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Discussion Starter #8
Re: Camel back

Monterey10 said:
If it's hot, consider carrying a camel back. You could probably
leave it under the seat and still be able to drink from the hose.
That was the idea of stopping every 75 miles to gas and drink. dehydration could be severe, considering that the wind and heat evaporate sweat. the proof is that even with 32 oz ice tea every 75 miles, i hardly had to look for bathrooms from TN to MS. :? these stops also gave my butt a rest.

thus the purpose of wearing phoenix jacket and gloves even under 92- degree Houston sun now. with the sun blocked off my body, i actually feel cooler than wearing only tank top...both temperature- and appearance-wise. 8)
 

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With warmer than average temperatures predicted for the West Coast this summer, I'm planning on getting a mesh jacket and a gel vest for my trip to Southern California.

And since it's an unfamiliar route for me, I'm going to carry two 32oz. MSR fuel bottles just in case I under estimate the distance to the next filling station.
 

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Discussion Starter #10
Brian said:
With warmer than average temperatures predicted for the West Coast this summer, I'm planning on getting a mesh jacket and a gel vest for my trip to Southern California.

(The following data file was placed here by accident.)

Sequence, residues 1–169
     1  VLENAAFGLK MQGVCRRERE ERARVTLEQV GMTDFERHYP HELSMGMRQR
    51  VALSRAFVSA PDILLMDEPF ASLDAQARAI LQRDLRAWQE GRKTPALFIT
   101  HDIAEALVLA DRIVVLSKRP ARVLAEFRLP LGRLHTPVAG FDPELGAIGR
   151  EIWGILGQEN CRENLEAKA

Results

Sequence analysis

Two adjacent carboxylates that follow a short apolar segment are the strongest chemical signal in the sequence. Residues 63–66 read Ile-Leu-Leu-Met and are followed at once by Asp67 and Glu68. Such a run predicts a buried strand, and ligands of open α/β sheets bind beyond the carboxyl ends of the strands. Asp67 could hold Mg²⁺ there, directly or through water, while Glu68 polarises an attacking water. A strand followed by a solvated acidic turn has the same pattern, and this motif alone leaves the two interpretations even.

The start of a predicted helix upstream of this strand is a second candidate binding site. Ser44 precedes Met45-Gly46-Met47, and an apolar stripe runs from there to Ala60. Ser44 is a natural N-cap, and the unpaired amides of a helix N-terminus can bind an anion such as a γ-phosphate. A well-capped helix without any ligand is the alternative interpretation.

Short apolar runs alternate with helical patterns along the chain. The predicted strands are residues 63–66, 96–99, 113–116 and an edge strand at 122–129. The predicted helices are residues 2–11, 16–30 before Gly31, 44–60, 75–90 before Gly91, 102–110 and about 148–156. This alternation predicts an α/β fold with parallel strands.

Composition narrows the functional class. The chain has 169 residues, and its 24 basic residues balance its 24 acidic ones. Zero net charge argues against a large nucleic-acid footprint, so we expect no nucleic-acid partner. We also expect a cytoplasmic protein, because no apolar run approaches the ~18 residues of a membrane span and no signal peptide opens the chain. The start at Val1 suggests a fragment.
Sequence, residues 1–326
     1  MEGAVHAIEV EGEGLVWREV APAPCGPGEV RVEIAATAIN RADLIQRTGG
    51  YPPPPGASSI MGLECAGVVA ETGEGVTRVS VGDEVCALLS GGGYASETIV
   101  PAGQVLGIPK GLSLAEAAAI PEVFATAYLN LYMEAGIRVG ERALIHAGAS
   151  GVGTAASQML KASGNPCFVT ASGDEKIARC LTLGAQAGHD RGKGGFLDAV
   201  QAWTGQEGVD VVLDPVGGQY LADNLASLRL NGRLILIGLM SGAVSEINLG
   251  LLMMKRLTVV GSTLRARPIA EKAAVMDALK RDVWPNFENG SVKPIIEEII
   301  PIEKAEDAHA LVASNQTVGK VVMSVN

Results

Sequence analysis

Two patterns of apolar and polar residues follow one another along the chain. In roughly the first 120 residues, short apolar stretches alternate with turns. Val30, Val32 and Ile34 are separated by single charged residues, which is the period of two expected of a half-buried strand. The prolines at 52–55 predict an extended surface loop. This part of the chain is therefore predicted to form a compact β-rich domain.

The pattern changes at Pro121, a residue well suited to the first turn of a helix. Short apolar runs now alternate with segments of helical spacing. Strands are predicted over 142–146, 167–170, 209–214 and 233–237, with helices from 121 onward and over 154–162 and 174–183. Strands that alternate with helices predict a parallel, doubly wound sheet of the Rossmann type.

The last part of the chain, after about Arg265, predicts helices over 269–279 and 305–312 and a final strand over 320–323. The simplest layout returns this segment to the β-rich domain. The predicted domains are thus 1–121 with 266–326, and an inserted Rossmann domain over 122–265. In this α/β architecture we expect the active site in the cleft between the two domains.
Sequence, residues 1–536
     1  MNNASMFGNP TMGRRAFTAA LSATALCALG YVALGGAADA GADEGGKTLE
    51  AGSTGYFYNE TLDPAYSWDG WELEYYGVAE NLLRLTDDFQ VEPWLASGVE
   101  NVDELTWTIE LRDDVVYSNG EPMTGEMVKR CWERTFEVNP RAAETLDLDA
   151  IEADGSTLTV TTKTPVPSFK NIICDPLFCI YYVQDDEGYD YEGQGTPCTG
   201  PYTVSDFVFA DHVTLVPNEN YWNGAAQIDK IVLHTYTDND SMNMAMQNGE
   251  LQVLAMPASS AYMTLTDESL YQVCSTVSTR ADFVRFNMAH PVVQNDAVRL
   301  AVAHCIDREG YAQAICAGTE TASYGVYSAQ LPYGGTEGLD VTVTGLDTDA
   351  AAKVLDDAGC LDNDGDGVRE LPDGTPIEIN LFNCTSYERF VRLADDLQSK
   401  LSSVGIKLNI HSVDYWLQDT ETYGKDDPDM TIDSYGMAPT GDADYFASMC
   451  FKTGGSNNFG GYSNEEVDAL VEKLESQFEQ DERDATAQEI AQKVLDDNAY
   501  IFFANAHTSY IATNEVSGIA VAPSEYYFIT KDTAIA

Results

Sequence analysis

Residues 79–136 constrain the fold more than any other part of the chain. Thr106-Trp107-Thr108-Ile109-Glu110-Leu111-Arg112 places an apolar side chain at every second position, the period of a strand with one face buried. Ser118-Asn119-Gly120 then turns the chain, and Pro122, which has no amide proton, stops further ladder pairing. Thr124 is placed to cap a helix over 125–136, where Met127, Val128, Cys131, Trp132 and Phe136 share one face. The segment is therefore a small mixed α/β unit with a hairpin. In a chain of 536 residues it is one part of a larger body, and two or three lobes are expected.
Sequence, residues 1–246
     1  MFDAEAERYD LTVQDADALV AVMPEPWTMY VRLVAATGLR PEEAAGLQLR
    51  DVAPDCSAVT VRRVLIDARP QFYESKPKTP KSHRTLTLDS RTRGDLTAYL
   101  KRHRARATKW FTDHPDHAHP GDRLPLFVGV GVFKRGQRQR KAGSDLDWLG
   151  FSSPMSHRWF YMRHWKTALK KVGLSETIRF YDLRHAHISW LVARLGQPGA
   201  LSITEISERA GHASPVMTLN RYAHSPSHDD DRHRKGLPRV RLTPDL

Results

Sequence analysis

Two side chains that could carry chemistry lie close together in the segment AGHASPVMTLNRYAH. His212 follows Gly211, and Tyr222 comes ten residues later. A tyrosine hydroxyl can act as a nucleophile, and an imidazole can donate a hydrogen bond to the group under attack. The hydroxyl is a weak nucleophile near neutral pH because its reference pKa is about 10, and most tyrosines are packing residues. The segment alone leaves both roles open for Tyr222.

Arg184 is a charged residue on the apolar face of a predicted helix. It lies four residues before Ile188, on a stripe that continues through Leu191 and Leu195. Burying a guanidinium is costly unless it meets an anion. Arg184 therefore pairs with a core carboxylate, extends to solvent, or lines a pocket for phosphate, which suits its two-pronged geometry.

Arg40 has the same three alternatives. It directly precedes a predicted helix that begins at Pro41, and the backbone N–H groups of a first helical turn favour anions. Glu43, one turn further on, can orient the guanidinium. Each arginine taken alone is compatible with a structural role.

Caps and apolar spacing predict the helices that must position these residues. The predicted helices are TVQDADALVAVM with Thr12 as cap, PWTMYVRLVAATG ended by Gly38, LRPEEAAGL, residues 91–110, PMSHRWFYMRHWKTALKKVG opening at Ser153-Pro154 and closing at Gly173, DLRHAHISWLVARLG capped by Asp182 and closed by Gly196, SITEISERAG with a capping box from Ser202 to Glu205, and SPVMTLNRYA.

Warmer weathers...I see, Seattle is hitting 80 degrees finally. :drunken:
Over here, when it is 70 out, i will have to wear my 3/4 length jacket with liner removed on the bike.
 

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lifegetter said:
Warmer weathers...I see, Seattle is hitting 80 degrees finally. ...Over here, when it is 70 out, i will have to wear my 3/4 length jacket with liner removed on the bike.
Yes, as with almost everything else, it's all relative.

My nephew is visiting from Phoenix, and while we're running around opening windows and turning on fans, he's closing windows and putting on sweaters.

However, my reference to mesh jackets and gel vests applies to this:
Brian said:
...my trip to Southern California.
I'm seeing forcasts of many 100+ degree days down there this summer.
 

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Discussion Starter #12
Brian said:
However, my reference to mesh jackets and gel vests applies to this:
Brian said:
...my trip to Southern California.
I'm seeing forcasts of many 100+ degree days down there this summer.
I will be in Seattle around Aug 2 to help my son move to LA (around Aug 10). If I see a silver AN650 along the way, I will assume it is you. :wink:
 

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lifegetter said:
I will be in Seattle around Aug 2 to help my son move to LA (around Aug 10). If I see a silver AN650 along the way, I will assume it is you. :wink:
'twon't be me. I'm going south in 3rd or 4th week of September.

On the 2nd of August I'll be returning from the July 31st Seattle (Edmonds, actually) to Spokane Teddy Bear Run for Shriners' Hospital.